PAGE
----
Published August 2005

‘First movers’ can increase market share

Increasing market share requires different strategies than those designed to increase sales alone.

Last month’s column addressed the differences between sales and share, and how to measure market share. This column deals with the process of increasing market share.

There are two primary dynamics that erode market share: 1) declining product life cycle; and 2) increasing competitive activity. There are three factors that contribute toward market share: 1) share of preference; 2) share of voice; and 3) share of distribution. The last two (voice and distribution) are fairly straightforward.

Share of voice is your promotional spend level against the competition. Share of distribution refers to your market coverage through channel partners, location(s), e-commerce and logistics, e.g. transportation and warehousing.

Share of preference, however, is less evident. There are macro and micro levels that account for share of preference: macro at the brand level; micro at the feature level - both play a role in your market share performance. You can increase share of preference by adjusting (or enhancing) your marketing mix, specifically product, pricing and promotion strategies. Here are a few examples of each to simulate ideas.

Product: As a share stealing product strategy, Cycle dog food emerged to meet the different nutritional needs of a dog’s life-stage. This product, owned by Del Monte (also owner of Kibbles & Bits), carved out a significant share from the category. As a service example, Cingular’s Rollover Minutes program was equally effective at taking market share away from competitors.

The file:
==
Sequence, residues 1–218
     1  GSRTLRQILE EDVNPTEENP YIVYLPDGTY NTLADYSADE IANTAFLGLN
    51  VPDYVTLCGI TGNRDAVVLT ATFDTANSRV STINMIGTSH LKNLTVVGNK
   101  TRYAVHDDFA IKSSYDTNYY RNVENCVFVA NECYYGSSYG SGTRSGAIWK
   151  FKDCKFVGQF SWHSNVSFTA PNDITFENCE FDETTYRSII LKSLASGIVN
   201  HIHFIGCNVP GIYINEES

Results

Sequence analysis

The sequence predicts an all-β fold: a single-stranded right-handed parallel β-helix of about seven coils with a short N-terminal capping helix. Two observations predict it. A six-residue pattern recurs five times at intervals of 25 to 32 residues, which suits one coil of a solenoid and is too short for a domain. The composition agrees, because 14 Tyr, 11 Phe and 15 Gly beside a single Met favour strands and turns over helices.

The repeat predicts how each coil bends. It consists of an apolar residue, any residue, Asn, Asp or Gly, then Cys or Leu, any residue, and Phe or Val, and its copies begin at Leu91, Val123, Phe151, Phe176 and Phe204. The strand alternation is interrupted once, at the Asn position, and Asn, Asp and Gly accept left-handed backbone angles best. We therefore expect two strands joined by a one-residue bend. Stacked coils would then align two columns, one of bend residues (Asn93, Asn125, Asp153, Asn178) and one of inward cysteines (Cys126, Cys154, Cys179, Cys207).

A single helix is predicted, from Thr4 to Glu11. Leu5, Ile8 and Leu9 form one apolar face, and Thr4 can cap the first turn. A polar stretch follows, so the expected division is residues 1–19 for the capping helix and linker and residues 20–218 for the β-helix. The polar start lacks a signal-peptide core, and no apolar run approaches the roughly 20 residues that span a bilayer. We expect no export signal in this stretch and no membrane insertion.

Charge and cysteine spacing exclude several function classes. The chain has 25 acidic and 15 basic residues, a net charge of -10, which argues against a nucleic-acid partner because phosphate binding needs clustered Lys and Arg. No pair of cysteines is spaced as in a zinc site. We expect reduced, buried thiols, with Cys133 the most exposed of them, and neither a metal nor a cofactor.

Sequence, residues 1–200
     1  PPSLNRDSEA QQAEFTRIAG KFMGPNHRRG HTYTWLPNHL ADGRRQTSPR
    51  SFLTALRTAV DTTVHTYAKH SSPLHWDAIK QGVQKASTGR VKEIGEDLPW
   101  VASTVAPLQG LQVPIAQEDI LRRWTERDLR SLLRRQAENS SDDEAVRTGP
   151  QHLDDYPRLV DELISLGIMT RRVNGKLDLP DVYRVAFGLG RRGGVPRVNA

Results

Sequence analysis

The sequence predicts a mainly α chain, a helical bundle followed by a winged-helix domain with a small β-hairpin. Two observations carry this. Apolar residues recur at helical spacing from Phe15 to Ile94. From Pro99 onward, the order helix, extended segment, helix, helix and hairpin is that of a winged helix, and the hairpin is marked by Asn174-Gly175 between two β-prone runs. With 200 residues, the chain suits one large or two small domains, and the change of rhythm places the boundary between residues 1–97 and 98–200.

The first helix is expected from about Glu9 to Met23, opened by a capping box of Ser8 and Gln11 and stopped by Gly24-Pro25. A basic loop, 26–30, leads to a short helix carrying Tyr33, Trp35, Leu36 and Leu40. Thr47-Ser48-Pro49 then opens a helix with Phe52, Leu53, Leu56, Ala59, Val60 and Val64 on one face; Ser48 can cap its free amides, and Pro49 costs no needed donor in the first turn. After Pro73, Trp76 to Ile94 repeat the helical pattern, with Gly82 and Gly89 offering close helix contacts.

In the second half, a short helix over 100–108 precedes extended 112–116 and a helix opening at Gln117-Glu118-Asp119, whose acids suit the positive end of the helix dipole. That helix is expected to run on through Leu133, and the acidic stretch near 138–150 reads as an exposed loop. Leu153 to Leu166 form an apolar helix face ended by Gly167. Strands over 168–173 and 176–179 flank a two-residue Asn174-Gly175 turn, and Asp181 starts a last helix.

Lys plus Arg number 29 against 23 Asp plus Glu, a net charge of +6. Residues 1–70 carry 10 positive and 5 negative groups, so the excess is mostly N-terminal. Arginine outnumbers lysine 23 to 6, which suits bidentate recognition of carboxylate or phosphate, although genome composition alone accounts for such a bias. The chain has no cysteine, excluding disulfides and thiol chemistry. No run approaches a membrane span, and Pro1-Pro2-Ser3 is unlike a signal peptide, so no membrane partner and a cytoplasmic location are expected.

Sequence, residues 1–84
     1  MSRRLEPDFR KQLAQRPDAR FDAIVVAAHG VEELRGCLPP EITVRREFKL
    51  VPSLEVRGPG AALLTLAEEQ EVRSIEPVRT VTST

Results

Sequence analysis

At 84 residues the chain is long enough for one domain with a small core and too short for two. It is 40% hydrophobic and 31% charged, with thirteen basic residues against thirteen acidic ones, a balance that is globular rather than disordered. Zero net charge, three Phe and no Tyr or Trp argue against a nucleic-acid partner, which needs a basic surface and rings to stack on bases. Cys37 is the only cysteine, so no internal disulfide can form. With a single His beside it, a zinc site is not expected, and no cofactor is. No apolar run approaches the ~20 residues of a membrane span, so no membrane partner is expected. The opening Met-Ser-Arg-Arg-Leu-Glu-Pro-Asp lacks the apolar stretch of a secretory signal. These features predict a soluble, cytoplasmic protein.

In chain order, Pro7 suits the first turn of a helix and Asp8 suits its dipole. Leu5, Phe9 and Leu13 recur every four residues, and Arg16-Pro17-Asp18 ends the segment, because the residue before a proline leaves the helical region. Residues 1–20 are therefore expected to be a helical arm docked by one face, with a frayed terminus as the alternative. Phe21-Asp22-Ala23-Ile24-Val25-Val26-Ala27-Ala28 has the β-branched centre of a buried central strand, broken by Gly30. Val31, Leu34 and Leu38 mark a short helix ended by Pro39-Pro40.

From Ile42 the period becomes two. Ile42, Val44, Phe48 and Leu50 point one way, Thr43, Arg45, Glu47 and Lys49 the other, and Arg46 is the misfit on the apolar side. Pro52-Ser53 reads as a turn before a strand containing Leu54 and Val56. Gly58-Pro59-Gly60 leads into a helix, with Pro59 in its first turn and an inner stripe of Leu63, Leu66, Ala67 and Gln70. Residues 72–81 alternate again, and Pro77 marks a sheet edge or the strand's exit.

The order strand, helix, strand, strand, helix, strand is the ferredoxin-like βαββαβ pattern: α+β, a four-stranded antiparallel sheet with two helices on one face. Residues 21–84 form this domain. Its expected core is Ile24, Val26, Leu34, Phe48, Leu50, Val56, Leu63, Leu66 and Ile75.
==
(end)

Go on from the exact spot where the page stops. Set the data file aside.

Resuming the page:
Pricing: General Motors took the automotive industry to school with their employee-discount price program. This promotion boosted GM’s market share from 25.4 percent (over the first five months of the year) to 30 percent in June.

If fact, it was so successful, they’ve extended the program. Chrysler and Ford will likely jump on board in the same way the airlines did with frequent flyer miles.

The only challenge with launching a really good marketing idea is that it acts like a vacuum and sucks all of the competitors in.

Promotion: Arm & Hammer is a well managed brand and have found themselves in the “decline stage” of the “product life cycle” several times; yet, after 155 years they continue to show strong share and sales. Without making any physical changes, they promoted their product through an “alternative use” strategy.

In 1972, for instance, they campaigned for consumers to put a box of baking soda in refrigerators and freezers to remove odors and keep food tasting fresh.

A common thread that laces all of these examples together is that of “first-mover advantage.” Doing something new or different that distinguishes your brand from the competition is a non-negotiable when it comes to developing share growth strategy.

The question is what’s the best strategy for your business? You’ll find the answer in your marketing mix; by reviewing your product, price, place (distribution) and promotion strategies, share growth ideas will likely surface.

Back to the top/August 2005 Main Menu


© 2005 The Daily Herald Co., Everett, WA